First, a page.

UPI gets a boost in its quest to go global

Written by Kapronasia || January 25 2024

We recently wrote about how Google Pay has defied the odds in India, a crucial fintech market where both American tech and credit card giants have struggled to carve out a niche. The Google Pay app continues to hold a roughly 35% market share of the paramount homegrown payments rail United Payments Interface (UPI) in India, while WhatsApp Pay and Amazon Pay each have less than 1% and PayPal is absent altogether.

While Google has aggressive domestic competitors in India’s payments space like Walmart-backed PhonePe and local fintech giant Paytm and has been accused of monopolistic practices given the dominance of its app store, the U.S. tech juggernaut has nevertheless mostly avoided regulatory travails in the subcontinent. That is because in India’s fintech market, Google is a global company that usually manages to still think locally.

With that in mind, its decision to team up with UPI on the Indian payment rail’s international expansion looks like a shrewd move that could both support an important policy objective of the Indian government and offer Google Pay new growth opportunities.

A strategic tie-up

On January 17, Google India Digital Services Pvt. and National Payments Corporation of India, the creator of UPI, signed a deal to broaden UPI’s services beyond India. The tie-up intends to both make payments outside of India convenient for Indian travelers and pave the way for UPI-inspired payment systems in other countries. “This is in alignment with NPCI’s endeavor of bolstering India’s position in the global digital payment landscape,” UPI said in a statement, adding that the agreement will also support the simplification of remittances by reducing dependence on conventional money transfer channels.

By teaming up with UPI, Google not only creates new digital finance opportunities for itself, but also signals to the Indian government that it is an important partner in New Delhi’s push to take the homegrown payments rail global – something that Prime Minister Narendra Modi has personally advocated. For instance, at the BRICS summit in August 2023, Modi noted that UPI has expanded to countries like the UAE, Singapore, and France. “There are many possibilities of working on this with BRICS countries as well," he said.

Also in August, Modi told India’s Business Today that 46% of global digital payment transactions today are in India, which he described as “one shining example of the success of our policies,” adding that “the world today sees India as the incubator of innovation.”

The remittances angle is important too. In a recent report, the World Bank noted that India’s remittance inflows reached US$125 billion in 2023, the highest in the world and well ahead of No. 2 Mexico and No. 3 China. Annual growth was a brisk 12.4%.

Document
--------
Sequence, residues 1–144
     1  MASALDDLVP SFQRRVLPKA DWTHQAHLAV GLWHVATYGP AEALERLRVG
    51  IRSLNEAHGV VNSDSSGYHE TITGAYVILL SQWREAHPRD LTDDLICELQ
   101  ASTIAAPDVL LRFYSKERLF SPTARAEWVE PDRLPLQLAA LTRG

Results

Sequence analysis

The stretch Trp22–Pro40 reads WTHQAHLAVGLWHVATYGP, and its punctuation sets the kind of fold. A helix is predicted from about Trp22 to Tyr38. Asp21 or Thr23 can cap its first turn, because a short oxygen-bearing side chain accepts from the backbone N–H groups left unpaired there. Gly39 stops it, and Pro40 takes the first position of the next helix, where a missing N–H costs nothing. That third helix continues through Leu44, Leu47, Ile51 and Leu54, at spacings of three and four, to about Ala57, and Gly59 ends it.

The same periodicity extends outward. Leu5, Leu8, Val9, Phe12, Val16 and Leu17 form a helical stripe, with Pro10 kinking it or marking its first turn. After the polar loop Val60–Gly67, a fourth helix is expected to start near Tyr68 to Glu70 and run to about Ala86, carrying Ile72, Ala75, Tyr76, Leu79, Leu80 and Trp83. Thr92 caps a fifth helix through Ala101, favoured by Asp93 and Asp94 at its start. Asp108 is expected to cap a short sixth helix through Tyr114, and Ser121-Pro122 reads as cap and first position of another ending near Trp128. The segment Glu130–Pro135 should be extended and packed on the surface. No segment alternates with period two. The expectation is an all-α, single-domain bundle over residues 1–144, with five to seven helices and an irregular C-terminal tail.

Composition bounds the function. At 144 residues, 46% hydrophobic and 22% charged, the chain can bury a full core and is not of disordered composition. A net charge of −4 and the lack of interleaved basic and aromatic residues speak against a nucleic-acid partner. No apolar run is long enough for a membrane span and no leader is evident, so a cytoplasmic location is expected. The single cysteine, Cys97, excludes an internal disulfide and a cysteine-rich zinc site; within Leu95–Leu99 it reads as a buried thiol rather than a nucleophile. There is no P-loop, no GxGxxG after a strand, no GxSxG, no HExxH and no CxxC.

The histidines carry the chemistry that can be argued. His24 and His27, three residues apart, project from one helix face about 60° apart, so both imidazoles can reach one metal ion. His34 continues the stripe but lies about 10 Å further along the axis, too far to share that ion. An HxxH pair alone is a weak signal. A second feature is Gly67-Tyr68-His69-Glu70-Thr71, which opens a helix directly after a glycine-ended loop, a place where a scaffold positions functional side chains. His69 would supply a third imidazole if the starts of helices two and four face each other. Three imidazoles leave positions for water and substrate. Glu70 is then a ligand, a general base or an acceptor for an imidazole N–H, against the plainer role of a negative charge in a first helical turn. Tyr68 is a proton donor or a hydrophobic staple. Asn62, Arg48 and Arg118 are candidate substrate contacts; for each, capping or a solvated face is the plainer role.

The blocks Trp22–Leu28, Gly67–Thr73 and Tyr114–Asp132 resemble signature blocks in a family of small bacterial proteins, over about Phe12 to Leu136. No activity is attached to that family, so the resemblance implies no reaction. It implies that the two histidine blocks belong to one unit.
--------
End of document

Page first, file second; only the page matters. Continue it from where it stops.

In March 2023, NPCI signed a deal with Singapore’s PayNow to facilitate cross-border real time money transfers. The Monetary Authority of Singapore reckons that using this payment rail would reduce the costs of remittances between the two countries by 10%.

Learning from Alipay

As UPI prepares to accelerate international expansion, there are important lessons it can learn from another Asian fintech giant with ambition to grow overseas. Indeed, China’s Alipay was the first major Asian fintech to try and gain a global foothold – an effort that has met with mixed results for several reasons.

First, Alipay never said so explicitly, but its flurry of strategic acquisitions of e-wallets in every major Southeast Asian market suggested that the Chinese company wanted to build an alternative payments rail for the region. The trouble with that strategy is that Southeast Asia is not one market or regulatory regime like Alipay’s home market of China. Such a project might not come to fruition for many years.

Even central bankers in the region may not succeed in creating a regional QR code-based payments system – though they are working assiduously to do so. They do have the advantage of being the regulatory decision-makers.

Second, Alipay underestimated geopolitical risk, best encapsulated by the failed bid of its parent company Ant Group to acquire MoneyGram in the United States. Though Ant later successfully acquired the UK’s WorldFirst in 2019, that company had to shut down its U.S. operations for the deal to go through.

Thus far, UPI appears to be expanding in a more strategic and calculated manner than Alipay did. Expansion has occurred first in countries that send the most remittances back home to India, like the UAE, U.S. and Singapore, as well as Nepal, a close neighbor of India’s and a suitable market to try and build a UPI payments rail from the ground up. If the Nepal expansion is successful, it could serve as a template for other emerging markets.

Finally, having Google as a partner augurs well for UPI. Very few tech companies have Google’s world-leading combination of resources, capital, technology and brand power. We expect that this tie-up could prove pivotal in UPI’s efforts to put down roots outside of its home country and take Indian fintech global.